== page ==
if (name == "justin")
  println("it is justin!")
else
  println("it is not justin!")

So far we haven’t seen any differences between this and the C# “if” statement. The big difference in the Scala version is that I can rewrite my if statement to look like this:

if (name == "justin")
  "it is justin!"
else
  "it is not justin!"

Huh? To a C# or Java developer this might look a bit odd. Why would we want to do this? The answer lies in the fact that the “if” statement in Scala can have a result value. So while the statement above doesn’t make much sense, if we assign that value to a variable then it starts to look more useful:

val result = if (name == "justin")
  "it is justin!"
else
  "it is not justin!"

And when you realize that you can now do simple one liners like this:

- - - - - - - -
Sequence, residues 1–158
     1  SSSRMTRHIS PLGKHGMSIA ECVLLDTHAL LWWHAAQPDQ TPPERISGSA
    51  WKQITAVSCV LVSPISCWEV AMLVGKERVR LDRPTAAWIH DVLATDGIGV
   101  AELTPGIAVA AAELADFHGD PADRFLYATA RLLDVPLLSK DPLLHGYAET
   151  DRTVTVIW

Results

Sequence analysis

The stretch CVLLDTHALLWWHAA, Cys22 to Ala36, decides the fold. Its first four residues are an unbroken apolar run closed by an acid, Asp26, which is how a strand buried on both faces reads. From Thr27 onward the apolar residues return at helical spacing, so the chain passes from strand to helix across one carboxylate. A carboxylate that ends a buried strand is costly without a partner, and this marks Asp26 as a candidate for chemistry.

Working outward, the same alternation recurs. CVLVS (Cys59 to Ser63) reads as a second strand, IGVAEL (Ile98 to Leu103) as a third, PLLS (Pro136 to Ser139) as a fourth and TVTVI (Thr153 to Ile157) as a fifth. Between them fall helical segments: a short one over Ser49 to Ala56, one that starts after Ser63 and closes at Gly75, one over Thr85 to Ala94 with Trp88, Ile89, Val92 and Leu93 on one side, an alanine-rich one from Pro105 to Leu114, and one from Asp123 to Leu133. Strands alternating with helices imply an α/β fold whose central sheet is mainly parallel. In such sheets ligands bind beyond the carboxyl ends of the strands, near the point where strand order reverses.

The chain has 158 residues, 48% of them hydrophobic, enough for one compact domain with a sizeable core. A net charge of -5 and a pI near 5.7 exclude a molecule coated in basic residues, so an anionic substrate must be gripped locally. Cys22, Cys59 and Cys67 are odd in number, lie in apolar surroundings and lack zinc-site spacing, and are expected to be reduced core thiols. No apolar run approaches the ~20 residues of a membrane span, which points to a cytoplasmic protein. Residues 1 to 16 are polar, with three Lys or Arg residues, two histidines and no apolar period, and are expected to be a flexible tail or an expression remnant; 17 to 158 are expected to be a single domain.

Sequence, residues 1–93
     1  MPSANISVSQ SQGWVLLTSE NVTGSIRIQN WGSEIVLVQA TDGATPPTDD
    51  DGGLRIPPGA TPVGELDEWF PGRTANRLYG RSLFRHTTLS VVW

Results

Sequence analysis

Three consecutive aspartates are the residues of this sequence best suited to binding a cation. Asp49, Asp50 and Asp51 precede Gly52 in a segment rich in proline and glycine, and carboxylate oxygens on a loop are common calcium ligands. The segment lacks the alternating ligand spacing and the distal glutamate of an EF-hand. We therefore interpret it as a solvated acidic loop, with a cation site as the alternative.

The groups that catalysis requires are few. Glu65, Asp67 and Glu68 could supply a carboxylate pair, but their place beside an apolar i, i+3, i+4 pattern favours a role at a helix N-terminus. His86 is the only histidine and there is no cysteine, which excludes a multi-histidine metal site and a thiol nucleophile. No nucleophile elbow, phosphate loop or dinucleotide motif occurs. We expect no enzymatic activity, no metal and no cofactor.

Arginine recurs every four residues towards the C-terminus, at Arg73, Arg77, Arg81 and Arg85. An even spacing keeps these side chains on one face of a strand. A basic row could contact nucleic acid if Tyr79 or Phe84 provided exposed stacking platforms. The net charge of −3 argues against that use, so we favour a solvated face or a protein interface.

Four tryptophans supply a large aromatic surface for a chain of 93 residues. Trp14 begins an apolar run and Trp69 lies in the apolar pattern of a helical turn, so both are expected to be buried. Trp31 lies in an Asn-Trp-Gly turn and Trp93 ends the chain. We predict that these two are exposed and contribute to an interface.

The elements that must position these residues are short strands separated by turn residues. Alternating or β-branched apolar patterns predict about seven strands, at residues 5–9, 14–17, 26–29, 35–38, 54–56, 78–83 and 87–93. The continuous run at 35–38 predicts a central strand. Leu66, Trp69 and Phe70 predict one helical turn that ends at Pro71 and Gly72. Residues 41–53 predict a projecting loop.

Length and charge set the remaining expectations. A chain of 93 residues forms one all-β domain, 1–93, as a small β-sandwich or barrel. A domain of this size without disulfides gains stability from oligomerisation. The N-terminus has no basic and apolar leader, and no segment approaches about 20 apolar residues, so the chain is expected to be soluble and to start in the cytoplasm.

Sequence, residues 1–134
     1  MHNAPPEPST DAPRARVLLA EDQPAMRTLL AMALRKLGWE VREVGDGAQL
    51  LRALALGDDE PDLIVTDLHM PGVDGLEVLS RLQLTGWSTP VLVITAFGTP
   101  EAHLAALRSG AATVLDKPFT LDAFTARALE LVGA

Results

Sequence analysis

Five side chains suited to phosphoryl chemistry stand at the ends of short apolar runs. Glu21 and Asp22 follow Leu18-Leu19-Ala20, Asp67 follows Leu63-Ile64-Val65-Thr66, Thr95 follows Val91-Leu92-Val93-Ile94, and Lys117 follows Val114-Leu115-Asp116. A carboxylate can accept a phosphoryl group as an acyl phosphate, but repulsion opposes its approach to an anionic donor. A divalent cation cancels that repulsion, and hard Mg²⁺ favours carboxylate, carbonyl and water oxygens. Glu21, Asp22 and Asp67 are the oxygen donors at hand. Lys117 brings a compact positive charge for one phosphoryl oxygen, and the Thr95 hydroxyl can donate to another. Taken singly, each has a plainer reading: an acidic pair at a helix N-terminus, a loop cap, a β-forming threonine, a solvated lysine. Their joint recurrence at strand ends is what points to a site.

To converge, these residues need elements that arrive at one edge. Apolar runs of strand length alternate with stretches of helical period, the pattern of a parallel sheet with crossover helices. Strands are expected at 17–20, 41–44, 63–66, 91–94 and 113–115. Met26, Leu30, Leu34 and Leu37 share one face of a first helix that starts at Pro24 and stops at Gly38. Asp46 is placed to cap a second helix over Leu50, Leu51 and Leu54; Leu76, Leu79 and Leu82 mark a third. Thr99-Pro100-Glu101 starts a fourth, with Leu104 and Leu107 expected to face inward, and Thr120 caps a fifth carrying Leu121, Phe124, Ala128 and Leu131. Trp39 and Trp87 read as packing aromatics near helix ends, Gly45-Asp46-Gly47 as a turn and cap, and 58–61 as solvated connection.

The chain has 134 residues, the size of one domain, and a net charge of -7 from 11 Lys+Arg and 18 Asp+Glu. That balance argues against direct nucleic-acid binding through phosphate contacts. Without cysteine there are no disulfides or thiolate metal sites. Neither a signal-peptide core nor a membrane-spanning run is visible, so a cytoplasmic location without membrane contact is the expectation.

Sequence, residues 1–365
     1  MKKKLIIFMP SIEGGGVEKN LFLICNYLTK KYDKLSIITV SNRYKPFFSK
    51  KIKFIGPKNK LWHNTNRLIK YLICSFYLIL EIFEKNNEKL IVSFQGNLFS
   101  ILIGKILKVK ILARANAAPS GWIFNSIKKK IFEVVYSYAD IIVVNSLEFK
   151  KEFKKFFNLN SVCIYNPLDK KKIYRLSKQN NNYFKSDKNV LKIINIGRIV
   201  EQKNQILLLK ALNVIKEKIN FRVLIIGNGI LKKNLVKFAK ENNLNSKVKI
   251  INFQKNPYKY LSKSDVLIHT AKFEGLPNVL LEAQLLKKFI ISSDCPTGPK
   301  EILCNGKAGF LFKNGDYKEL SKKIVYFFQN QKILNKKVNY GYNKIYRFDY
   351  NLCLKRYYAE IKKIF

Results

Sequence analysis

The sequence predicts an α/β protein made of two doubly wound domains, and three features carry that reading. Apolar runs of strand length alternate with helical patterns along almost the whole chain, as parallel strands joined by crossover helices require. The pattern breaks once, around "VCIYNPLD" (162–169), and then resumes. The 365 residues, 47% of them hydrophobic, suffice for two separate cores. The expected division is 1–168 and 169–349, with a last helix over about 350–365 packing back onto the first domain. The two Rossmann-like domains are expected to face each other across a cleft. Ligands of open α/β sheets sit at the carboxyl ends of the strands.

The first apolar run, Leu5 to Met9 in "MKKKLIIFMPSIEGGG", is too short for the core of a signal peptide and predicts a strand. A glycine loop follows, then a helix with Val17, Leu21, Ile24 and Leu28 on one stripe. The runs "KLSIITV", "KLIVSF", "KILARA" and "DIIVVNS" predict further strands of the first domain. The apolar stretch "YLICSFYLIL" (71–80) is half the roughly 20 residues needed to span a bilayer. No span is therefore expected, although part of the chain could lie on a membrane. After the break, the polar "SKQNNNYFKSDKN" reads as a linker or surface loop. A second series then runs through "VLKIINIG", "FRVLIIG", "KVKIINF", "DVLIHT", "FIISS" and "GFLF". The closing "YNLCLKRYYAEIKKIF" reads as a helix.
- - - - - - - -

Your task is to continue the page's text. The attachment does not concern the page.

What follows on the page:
val result = if (name == "justin") "it is justin!" else "it is not justin!"

We no longer need special language constructs like the C# ternary operator to perform this operation. This is nice, but for some reason I still like the look of my old ternary operator better! Oh well. Reducing the surface area of the language by reusing language constructs is something that should probably take precedence here.

The “for” Comprehension

The next control structure that we are going to glance at is the “for” comprehension. This one may be a bit of a surprise for C# developers because it is not all like the “for” loop that they are used to. In fact, it is closer to the “foreach” loop that you have used so often. As with most of the features in Scala, it will start off looking familiar, then it will turn around and surprise you at the end. We are going to look at the “for” comprehension in its familiar form, then we will delve into its more surprising aspects.

But first, in order for us to use a loop we need something to loop over. Without getting into Scala sequences I am just going to introduce you quickly to ranges. A range is just a sequences of numbers from one point to the other. In C# we are able to iterate over an integer range by doing this:

foreach (int num in Enumerable.Range(1, 10))
{
    Console.WriteLine(num);
}